My policy? When a mistake is made laugh it off and move on!

Photos

Here are a few extra photos from the Elk Knob hike:


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SOTA Field Report from Rocky Face (W4C/WP-006)

One of the things I love about POTA and now SOTA is that it gives me a reason to venture out and explore parks and other public lands that might have otherwise never shown up on my RADAR.

Rocky Face is a prime example.

On the morning of Wednesday, March 10, 2021, I would have never guessed that by noon I would be standing on the summit of Rocky Face. That morning, I had planned to activate the summit of Baker’s Mountain–a park and summit I know very well as I’ve hike the trails there almost monthly and the mountain is a stone’s throw from my parents’ home.

That morning, when I arrived at Baker’s Mountain Park and the gates were shut, I remembered that they are closed on Wednesdays.

Oops.

I was determined to hike to a summit, though, so I grabbed my iPhone and launched the SOTA Goat app, then searched for nearby summits.  That’s when I noticed Rocky Face which was *only* a 40 minute drive from Baker’s Mountain. I had heard of this 1 point summit and park, but had never been there, so why not take a little road trip and explore?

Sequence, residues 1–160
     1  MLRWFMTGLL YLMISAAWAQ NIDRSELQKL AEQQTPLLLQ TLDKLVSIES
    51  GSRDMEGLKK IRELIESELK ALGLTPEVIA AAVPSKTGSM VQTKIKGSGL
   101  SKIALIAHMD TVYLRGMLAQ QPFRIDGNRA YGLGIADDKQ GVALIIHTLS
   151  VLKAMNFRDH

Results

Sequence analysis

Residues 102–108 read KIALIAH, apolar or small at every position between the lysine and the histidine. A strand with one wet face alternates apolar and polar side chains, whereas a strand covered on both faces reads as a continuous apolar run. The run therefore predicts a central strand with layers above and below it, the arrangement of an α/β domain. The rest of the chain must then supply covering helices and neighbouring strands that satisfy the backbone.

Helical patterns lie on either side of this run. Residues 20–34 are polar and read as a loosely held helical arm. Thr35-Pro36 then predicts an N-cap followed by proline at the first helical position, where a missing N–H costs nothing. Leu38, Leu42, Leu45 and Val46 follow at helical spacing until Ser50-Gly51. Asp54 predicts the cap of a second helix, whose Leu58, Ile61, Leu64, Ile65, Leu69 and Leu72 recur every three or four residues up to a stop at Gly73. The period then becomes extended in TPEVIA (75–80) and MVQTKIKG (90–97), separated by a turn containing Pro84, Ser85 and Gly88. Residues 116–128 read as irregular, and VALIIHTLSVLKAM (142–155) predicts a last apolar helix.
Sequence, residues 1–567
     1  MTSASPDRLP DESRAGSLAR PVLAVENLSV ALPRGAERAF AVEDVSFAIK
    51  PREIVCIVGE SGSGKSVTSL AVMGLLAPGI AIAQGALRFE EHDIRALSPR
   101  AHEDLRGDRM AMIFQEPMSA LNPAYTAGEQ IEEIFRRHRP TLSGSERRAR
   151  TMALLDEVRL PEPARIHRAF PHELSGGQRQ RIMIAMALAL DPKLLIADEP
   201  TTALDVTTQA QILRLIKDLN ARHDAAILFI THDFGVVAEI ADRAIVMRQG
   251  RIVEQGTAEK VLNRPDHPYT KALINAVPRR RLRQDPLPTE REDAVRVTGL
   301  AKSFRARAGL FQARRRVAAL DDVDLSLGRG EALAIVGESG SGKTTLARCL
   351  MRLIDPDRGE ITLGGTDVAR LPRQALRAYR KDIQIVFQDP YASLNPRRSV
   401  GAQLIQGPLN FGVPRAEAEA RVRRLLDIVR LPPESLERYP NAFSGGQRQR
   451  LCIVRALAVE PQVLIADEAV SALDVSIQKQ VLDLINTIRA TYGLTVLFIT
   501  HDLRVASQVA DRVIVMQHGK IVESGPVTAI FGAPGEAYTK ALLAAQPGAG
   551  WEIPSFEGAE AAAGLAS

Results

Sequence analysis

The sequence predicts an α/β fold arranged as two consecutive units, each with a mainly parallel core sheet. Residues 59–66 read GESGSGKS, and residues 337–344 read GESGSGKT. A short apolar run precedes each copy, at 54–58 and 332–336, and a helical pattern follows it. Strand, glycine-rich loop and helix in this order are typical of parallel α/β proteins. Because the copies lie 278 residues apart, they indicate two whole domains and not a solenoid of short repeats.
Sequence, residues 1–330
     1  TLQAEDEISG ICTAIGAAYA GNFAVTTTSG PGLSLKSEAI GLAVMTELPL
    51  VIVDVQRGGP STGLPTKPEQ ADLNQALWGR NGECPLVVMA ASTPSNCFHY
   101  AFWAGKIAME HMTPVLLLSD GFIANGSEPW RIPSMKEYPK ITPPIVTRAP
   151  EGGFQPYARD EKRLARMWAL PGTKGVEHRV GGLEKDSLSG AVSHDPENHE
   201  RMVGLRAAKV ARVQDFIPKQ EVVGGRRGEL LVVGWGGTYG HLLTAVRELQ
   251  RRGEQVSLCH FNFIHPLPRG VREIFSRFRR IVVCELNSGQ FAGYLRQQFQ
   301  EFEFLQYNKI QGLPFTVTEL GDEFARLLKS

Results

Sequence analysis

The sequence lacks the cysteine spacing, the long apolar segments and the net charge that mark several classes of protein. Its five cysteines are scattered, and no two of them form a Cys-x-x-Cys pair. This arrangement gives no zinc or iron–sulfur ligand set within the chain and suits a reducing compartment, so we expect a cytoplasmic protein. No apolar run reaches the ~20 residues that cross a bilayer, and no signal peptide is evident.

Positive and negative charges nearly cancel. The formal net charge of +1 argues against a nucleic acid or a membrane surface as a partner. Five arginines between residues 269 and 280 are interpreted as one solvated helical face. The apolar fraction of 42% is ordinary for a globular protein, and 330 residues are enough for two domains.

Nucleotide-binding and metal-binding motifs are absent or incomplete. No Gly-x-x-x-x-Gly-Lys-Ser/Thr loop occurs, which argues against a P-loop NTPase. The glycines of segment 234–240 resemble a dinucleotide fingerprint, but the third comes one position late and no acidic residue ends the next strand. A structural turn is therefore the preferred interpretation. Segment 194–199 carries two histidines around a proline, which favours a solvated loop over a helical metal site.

Rock Face (W4C/WP-006)

View of Rocky Face from the road.

It was a very pleasant drive which was made all the better by gorgeous sunny weather.

When I arrived on site, I was surprised to see just how well developed this park was. There were two different parking areas, a visitor’s center, picnic area, rock climbing face, playground, and numerous trails. There’s even a large area for outdoor events.

I took the “Vertical Mile Challenge” to the summit (which I would recommend) and was more of a workout that one might imagine for a 1 point 576 meter summit.

The trail was very well maintained. The ascent up the granite slope offered some welcome views of the surrounding area.

I was a little surprised to find some Nodding Trilliums blooming on the side of, and even on the path. A sure sign spring is on the way!